been looking for!  (Though having to learn completely new languages at
each level sounds like a consultant's creation, not a developer's.)
Otherwise I am still looking for those gradual transitions and
flexibility as Agile, Extreme, and (all?) other programming paradigms
promote.


> Kind regards
>
>   robert

Thanks for playing devil's advocate,

-Chris
Martin DeMello (Guest)
on 2009-05-14 01:32
(Received via mailing list)
On Thu, May 14, 2009 at 2:21 AM, C. Dagnon 
<removed_email_address@domain.invalid>
wrote:
> But my old gripe is that Ruby isn't Duck-Typed, it is explicitly
> No-Typed but implicitly Strong-Typed (except for method-missing).  But
> that makes no sense for a language since any method I write requires (at
> most) a certain set of functionality from the parameters.  So there are
> interface dependencies, just never declared or, in Ruby, declarable.

You might be interested in structural typing:
http://en.wikipedia.org/wiki/Structural_type_system

Of the languages I've looked at, scala is likely to come closest to
what you want. (i.e. a flexibly but statically typed language that
scales both down to small scripts and up to large systems).

martin
Robert K. (Guest)
on 2009-05-15 00:51
(Received via mailing list)
On 13.05.2009 22:51, C. Dagnon wrote:
> I don't have time for a full reply, but I definitely wanted to say some
> more 8)

Oha, what might a full reply have looked like? :-)

> Robert K. wrote:
>> Economic success and technical quality are two orthogonal concepts with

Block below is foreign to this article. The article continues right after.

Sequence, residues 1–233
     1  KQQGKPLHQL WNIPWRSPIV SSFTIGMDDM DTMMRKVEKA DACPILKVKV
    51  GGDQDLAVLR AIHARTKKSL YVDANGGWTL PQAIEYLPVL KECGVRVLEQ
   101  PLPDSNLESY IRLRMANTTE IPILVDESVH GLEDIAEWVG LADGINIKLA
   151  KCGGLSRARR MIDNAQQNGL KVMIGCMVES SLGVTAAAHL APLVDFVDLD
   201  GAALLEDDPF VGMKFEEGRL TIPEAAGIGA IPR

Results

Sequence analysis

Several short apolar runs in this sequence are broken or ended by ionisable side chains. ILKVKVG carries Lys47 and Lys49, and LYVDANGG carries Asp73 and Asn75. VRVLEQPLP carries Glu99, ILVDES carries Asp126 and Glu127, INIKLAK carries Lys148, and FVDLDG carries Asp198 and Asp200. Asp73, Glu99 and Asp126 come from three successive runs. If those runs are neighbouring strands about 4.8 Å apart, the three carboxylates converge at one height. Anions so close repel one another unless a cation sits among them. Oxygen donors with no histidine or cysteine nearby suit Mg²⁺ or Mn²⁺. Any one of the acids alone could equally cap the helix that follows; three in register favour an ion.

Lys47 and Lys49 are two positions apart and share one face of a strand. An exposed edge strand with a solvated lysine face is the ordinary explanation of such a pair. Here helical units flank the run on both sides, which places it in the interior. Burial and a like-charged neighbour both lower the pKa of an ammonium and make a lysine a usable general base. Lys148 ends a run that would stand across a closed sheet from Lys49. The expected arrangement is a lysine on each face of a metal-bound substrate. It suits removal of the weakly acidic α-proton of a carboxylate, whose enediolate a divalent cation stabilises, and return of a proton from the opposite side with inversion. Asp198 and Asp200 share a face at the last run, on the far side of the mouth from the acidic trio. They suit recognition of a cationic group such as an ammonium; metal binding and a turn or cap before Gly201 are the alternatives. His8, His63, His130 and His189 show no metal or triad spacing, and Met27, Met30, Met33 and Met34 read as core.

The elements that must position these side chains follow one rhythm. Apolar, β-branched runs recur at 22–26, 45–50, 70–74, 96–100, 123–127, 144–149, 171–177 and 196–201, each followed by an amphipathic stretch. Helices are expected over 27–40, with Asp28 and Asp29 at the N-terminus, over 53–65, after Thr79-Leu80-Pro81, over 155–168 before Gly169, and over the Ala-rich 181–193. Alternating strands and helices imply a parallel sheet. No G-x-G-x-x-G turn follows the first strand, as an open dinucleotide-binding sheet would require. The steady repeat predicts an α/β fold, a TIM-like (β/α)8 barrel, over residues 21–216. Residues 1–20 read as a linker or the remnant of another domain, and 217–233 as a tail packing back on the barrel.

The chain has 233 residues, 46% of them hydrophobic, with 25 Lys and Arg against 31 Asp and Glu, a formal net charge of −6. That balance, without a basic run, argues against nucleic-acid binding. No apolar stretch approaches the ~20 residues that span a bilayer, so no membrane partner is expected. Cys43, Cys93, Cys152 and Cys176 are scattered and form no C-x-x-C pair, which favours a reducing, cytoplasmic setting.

>> only loose coupling. :-)
>
> Unfortunately, but only for now!

Note, that I did not state that quality products cannot be successful!
But I don't see how the loose coupling is going to change anytime soon.

>>> I also love the dynamic abilities of Ruby, and I want to keep them.
>> But you do see a certain level of contradiction there, do you?
>
> Nope, I don't 8)  Partially I would say I am not looking for a
> compile-time (singly-) statically-typed language.  I want it to be
> adaptable and further, *useful* by others without requiring source-code
> changes in existing libraries.

But as long as those changes aren't done, you won't benefit from the
additional safety.  You would then likely have to live with a hybrid
situation and I am not sure whether that is less safe because people's
expectations might go into the wrong direction.

>> ... which brings us to the halting problem:
>>
>> http://en.wikipedia.org/wiki/Halting_problem
>
> I'm not convinced yet that it does, but I'm also not yet concerned that
> it does bring up the halting problem.

I am not sure I understand that sentence properly.  Your wording seemed
pretty ambitious:

> It seems like if the contracts are defined the compiler/preprocessor should be able to 
guarantee all (at least small-scale) code interactions without writing any tests.

> I would love to see it work out, but it may be too hopeful for our
> current world.  Hmm, the more I try describing this it does sound more
> and more like a different use case for utilizing Ruby, and I am
> certainly talking about adding syntax (even if within comments) so
> depending on how much is necessary it could be/become an adjunct
> language.

Maybe you start by writing up what your requirements are, i.e. what
kinds of checks you want to see.  That might serve as a good basis for
discussion and will help you clarify your ideas.

> But can you tell me that a Ruby script and a large app are going to be
> created in the same way?  Don't they already have differing use cases?

Exactly!

> And it is fine to pick the right tool for the job, but you can't be
> serious that I should do my draft in Ruby and Rails, intermediate
> requirements in Java, then do all production work in ...?

Why not?  If it works better?

> Thanks for playing devil's advocate,

Playing?  Who's playing?

:-)

Cheers

  robert
Jörg W Mittag (Guest)
on 2009-05-15 05:05
(Received via mailing list)
Caleb C. wrote:
> annotation special comment for declaring types of arguments, like you
> wanted.